As a consumer technology, Bluetooth needs to be widely supported by vendors to be successful. Interoperability, the ability for different devices (from different manufacturers) to work with one another, is the key factor in securing this broad support (many a technology has been stalled because users were frustrated by incompatibilities and finger-pointing among vendors). In Version 1.1 of the Bluetooth specification (the latest at the time of this writing), there are 13 profiles. A profile is a description of a particular functionality and how to implement it based on the specification. Bluetooth device manufacturers use these profiles as a guide to implement specific functionality. With this approach, vendors can be sure that their devices will work with current and future Bluetooth products. Let's take a closer look at the 13 profiles defined in Bluetooth 1.1:
The Generic Access Profile (GAP) defines how two Bluetooth devices discover and establish communications between each other. The GAP is the "mother" of all profiles, as it defines modes and procedures used by all the other profiles.
The Service Discovery Application Profile (SDAP) allows Bluetooth devices to query the services available on other Bluetooth devices.
The Cordless Telephony Profile (CTP) defines how a Bluetooth device can be used as a cordless phone.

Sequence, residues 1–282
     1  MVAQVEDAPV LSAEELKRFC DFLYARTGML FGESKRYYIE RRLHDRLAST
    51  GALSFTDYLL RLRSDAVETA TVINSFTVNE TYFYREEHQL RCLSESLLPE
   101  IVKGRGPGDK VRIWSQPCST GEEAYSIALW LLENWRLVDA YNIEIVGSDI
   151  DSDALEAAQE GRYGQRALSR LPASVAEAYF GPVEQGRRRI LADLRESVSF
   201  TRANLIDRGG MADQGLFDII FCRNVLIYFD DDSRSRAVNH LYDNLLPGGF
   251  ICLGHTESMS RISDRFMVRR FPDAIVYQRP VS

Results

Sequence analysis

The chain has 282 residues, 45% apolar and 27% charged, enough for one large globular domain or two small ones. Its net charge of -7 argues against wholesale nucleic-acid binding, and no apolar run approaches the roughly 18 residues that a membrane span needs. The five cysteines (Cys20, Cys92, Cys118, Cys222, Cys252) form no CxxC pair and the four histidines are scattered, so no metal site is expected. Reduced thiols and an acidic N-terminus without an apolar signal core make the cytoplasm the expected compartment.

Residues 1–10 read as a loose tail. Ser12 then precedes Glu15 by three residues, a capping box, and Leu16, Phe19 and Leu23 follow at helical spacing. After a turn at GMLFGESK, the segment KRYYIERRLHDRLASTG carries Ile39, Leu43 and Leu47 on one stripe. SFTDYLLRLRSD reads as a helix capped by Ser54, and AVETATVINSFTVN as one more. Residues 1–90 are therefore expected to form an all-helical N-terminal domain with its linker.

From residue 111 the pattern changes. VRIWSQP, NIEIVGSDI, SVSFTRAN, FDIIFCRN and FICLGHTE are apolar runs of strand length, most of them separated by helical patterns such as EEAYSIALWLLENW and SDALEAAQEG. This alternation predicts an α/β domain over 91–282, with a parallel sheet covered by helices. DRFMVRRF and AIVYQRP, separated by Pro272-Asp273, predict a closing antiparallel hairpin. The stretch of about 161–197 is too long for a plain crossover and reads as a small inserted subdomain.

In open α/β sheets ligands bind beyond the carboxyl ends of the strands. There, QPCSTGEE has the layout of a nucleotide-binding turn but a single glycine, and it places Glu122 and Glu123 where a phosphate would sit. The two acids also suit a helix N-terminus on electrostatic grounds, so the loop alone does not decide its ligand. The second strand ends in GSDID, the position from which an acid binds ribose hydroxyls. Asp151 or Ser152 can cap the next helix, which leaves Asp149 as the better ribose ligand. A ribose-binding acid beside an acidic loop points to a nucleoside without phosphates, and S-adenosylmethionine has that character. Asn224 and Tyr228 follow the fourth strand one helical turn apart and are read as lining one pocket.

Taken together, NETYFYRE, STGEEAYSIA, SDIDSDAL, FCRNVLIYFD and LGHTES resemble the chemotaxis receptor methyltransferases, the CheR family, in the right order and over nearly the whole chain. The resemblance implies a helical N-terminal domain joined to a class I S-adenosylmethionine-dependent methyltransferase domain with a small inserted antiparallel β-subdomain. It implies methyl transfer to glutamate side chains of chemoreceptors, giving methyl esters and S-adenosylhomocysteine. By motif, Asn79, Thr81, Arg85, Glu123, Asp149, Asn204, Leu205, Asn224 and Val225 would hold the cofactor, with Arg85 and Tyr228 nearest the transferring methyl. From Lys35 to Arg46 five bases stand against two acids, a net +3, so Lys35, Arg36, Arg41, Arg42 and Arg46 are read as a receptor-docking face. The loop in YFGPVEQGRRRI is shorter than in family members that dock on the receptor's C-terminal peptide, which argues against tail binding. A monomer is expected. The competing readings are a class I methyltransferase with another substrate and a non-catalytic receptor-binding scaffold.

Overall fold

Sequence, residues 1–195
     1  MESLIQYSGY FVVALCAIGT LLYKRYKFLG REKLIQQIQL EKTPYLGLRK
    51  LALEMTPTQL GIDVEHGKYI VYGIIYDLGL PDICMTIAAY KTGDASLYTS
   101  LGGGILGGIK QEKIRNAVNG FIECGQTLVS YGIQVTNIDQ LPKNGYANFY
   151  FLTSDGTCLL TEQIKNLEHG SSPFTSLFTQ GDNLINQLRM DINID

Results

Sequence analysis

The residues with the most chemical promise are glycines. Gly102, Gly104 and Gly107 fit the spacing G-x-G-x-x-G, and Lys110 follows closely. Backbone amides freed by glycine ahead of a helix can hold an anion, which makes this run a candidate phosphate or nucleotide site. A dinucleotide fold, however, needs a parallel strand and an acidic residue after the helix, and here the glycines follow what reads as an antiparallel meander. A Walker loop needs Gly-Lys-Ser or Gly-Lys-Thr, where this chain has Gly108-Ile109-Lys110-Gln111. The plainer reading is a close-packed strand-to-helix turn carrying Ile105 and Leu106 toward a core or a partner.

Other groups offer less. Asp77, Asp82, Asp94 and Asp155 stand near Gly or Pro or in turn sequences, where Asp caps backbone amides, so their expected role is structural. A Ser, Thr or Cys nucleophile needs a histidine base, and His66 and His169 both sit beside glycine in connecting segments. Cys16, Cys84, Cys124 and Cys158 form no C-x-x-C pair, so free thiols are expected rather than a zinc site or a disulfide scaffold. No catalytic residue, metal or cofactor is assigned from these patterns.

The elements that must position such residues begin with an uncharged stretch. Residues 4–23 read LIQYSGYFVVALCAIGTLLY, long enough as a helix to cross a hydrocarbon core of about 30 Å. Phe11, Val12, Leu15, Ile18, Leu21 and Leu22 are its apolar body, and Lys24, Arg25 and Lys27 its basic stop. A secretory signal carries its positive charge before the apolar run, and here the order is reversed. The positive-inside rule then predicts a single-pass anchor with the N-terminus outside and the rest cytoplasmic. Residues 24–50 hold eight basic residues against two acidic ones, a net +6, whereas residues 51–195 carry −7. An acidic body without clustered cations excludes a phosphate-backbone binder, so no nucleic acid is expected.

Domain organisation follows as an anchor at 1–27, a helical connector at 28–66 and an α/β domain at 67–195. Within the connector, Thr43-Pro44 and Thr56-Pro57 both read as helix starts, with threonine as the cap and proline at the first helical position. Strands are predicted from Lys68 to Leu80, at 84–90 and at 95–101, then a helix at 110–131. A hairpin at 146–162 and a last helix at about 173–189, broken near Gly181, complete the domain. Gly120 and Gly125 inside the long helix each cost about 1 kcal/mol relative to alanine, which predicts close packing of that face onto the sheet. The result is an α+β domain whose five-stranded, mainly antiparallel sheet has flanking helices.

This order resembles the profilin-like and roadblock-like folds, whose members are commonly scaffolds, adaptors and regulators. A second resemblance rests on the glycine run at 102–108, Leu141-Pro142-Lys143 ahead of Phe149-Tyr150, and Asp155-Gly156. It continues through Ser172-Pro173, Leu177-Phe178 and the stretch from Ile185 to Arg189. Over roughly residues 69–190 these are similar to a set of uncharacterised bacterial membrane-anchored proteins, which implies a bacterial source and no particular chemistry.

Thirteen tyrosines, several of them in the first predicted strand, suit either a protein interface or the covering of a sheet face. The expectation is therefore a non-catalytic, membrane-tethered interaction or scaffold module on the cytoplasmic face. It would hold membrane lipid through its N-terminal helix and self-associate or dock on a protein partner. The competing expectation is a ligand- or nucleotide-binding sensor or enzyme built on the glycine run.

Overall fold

The Intercom Profile defines how two Bluetooth-enabled phones can connect with each other directly without the use of the public telephone network.
The Serial Port Profile defines how two Bluetooth devices can communicate with each other by using virtual serial ports. Using this profile, Bluetooth communication can be treated as just another serial communication.
The Headset Profile defines how a headset can communicate with a Bluetooth device.
The Dial-up Networking Profile defines how a Bluetooth device can connect to a Bluetooth-enabled modem or mobile phone.
The Fax Profile defines how a Bluetooth device can connect to a Bluetooth-enabled fax device, such as a fax machine or a fax-enabled mobile phone like the Sony Ericsson T68i.
The LAN Access Profile defines how a Bluetooth-enabled device can connect to a network using PPP (Point-to-Point Protocol).
The Generic Object Exchange Profile (GOEP) defines a set of protocols used by applications for exchanging objects.
The Object Push Profile is used together with the GOEP to send and receive objects, primarily for exchanging electronic business cards.
The File Transfer Profile is used together with the GOEP to transfer files between two Bluetooth devices.
The Synchronization Profile is used together with GOEP to synchronize calendar and address information between two Bluetooth devices, such as a laptop and cell phone.
In this chapter, we will make use of several of the 13 profiles for file transfer, Internet connectivity, etc.
Using a Bluetooth Headset
You can connect a Bluetooth headset to any Bluetooth-enabled device as long as the device supports the Headset profile. For example, I am able to use my Sony Ericsson T610 to connect to the HBH-60 Bluetooth headset (see Figure 6-11).
You can now talk freely without any wires connecting between your headset and your phone. But you have to get used to the occasional stare that passer-bys will give you (the headset looks futuristic and ahead of its time)!